LSU-Florida not a rivalry, but is special
Published: Thursday, October 4, 2012 at 8:00 a.m.
Last Modified: Wednesday, October 3, 2012 at 10:25 p.m.
It's not a rivalry, not as the term is defined, although nobody is sure who defined it. LSU is way over there both physically and culturally, and Florida has enough rivalries.
The Tigers are in a different division, but because they are Florida's dance partner in the SEC, it's an annual slam dance between the two teams. Familiarity has bred some contempt, but it never feels like FSU hate or Georgia venom.
Some Florida fans will tell you LSU fans smell like corndogs. LSU fans will point out the jorts worn by Gators. They don't like each other, but I've never sensed either side despises the other, which is usually a necessary ingredient in a rivalry.
But whatever you want to call it, Florida vs. LSU is special. LSU was Galen Hall's last game as a head coach at UF, Charley Pell's next-to-last and the last game of Steve Spurrier's sophomore year.
The Swamp vs. The Bayou. Or are they the same thing?
It has been different from any other annual game for as long as I've been watching Florida football. Even when LSU was down, it was still exciting to go to Tiger Stadium. Even in Florida's bad years, the Tiger fans were sure to cook plenty of alligator meat at their tailgate parties.
Maybe we should come up with a trophy to give to the winner.
Maybe an alligator purse filled with tabasco sauce. Or a cypress knot with Bill Arnsparger's face carved into it.
Florida and LSU both had a heavy dose of Arnsparger. He was one of the best coaches LSU ever had, and, as an athletic director at Florida, well, he fired a lot of people, but he did technically hire Spurrier.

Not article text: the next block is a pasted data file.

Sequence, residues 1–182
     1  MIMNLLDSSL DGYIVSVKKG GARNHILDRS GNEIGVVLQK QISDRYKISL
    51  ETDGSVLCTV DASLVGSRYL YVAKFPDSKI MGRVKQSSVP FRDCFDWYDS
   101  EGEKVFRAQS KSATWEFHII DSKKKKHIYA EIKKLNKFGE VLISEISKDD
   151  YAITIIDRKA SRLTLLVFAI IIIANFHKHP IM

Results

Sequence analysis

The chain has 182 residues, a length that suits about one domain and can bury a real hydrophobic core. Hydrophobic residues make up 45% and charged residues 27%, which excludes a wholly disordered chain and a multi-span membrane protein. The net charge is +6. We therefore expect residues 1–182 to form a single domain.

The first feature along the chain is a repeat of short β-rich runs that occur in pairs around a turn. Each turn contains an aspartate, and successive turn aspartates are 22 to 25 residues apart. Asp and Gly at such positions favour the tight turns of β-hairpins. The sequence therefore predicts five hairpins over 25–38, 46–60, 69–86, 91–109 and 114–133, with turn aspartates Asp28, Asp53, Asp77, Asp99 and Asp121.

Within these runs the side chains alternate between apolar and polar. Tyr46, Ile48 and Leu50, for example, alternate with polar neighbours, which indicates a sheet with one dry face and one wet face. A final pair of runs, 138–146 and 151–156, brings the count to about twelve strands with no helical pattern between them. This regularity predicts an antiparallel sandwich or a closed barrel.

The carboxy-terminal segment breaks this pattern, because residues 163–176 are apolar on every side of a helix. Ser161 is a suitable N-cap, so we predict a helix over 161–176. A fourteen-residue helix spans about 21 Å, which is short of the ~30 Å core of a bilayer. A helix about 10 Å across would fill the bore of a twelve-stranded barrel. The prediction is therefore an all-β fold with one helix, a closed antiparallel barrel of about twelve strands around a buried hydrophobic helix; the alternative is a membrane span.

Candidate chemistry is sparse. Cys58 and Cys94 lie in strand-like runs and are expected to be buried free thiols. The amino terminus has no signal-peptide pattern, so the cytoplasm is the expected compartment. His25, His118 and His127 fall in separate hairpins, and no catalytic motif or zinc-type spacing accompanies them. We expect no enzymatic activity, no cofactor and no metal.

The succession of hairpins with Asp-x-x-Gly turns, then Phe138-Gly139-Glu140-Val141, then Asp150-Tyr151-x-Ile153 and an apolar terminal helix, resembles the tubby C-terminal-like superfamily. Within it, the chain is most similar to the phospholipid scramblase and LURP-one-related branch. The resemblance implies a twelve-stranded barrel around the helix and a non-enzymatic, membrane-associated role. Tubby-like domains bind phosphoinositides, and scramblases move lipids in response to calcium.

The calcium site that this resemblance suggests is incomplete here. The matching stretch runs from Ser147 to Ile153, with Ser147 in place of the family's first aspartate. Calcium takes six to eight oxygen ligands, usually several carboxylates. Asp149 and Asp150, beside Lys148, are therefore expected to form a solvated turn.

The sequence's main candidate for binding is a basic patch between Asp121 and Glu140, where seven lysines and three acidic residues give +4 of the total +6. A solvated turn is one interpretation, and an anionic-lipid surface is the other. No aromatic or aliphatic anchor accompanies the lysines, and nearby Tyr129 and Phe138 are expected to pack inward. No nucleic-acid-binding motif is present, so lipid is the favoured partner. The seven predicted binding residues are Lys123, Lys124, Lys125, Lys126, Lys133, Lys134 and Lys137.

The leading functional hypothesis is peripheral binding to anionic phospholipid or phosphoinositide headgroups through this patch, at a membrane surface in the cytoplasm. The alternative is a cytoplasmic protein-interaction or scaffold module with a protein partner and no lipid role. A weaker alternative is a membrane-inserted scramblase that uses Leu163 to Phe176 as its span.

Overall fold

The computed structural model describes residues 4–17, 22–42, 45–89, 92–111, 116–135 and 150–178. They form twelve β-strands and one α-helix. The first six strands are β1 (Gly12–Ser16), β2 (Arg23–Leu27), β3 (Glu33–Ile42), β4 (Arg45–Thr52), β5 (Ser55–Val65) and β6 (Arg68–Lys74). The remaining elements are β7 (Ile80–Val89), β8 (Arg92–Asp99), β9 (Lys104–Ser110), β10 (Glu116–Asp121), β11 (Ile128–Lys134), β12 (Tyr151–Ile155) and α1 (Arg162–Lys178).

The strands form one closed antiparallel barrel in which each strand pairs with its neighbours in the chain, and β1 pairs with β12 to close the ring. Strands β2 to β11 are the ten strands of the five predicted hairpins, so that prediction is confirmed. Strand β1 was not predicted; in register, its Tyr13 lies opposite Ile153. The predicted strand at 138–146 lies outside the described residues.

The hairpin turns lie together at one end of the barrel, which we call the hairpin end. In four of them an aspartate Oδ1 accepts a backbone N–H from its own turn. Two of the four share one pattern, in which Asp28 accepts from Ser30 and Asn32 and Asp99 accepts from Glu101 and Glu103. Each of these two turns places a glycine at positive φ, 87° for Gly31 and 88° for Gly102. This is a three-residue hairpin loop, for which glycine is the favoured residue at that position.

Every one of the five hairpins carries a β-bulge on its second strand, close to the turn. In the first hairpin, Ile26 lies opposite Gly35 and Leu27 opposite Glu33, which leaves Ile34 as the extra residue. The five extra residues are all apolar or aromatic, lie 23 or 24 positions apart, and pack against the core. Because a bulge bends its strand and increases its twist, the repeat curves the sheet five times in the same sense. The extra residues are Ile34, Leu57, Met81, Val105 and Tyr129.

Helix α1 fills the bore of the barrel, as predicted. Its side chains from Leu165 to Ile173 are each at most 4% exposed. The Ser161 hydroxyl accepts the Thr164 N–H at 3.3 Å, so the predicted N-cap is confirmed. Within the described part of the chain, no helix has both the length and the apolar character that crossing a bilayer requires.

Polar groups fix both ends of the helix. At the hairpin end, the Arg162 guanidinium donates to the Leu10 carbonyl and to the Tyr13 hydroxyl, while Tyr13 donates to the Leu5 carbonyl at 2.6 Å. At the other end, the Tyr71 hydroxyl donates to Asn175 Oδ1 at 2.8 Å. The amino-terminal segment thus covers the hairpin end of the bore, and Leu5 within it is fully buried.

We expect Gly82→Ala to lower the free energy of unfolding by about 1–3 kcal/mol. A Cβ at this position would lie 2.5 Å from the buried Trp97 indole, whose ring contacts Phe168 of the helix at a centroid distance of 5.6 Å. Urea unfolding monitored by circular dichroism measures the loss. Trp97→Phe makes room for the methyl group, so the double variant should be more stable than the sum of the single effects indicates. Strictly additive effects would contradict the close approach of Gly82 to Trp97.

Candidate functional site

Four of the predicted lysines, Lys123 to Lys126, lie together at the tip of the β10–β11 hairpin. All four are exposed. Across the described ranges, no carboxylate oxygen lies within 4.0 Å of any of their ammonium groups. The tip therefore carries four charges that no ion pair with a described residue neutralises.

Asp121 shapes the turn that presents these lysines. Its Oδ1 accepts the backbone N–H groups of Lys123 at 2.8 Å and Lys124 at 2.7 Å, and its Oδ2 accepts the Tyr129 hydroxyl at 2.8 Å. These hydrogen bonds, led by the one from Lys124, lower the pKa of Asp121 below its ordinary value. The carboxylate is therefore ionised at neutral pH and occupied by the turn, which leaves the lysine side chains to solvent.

There is also a common thread involving Spurrier with the two schools. LSU hired Mike Archer when Spurrier wanted the job in 1987. Instead, he waited two more years at Duke and changed Florida football forever.
And he then went on to humiliate the Tigers during his career at UF. LSU fans fondly remember the 1997 game when LSU upset No. 1 Florida, and Spurrier was taunted with “shiny pants” comments. But that was his only loss to LSU and he won by scores such as 58-3, 42-18, 56-13 and 41-9.
Florida and LSU aren't a rivalry (unless you believe Wikipedia), but during the five-game stretch from 2006-2010, there was no more interesting annual game.
Look at it this way — Saturday's game will be the fourth time that both schools are ranked in the top 10. The other three were '06, '07 and '09.
It was six years ago that Tim Tebow had his breakout game and threw the double-clutch jump pass that has become legend. A year later, LSU fans got his phone number, and when he scored a touchdown, he faked dialed the student section. But LSU converted on 5-of-5 fourth downs and won the game.
A year later, it was Florida winning on an electric night, opening the game with a bomb to Percy Harvin that sent LSU into a tailspin where it lost five of eight games and had Red Stick wondering if Les Miles was the right guy just a year after he won the national championship.
The following year was the Tebow concussion game, when he returned two weeks after a knee to the head and led UF to a huge win. And then there was 2010, the fake field goal that changed Urban Meyer's last season at UF (it was the first of three straight home losses for a coach who didn't lose at home).
The point of this history lesson is that LSU games seem to stand out, sometimes even more than the rivalry games. Tennessee is a rivalry game, but Florida has been playing the Tigers annually 21 years longer than the Vols. Maybe it's the location on the schedule, usually part of a gauntlet of some sort for the Gators. Maybe it's because they've never faced off in Atlanta.
But it just finds a way to make memories.
I'm sure it will be no different Saturday night. Last year's game was an aberration, a freshman quarterback thrown into the mix when he wasn't prepared against one of the best defenses in America. Never had a chance and it showed.
This should be different.
This should be memorable.
It may not be a rivalry game, but it has a chance to be a scrapbook game.
Contact Pat Dooley at 352-374-5053 or at firstname.lastname@example.org. And follow at Twitter.com/Pat_Dooley.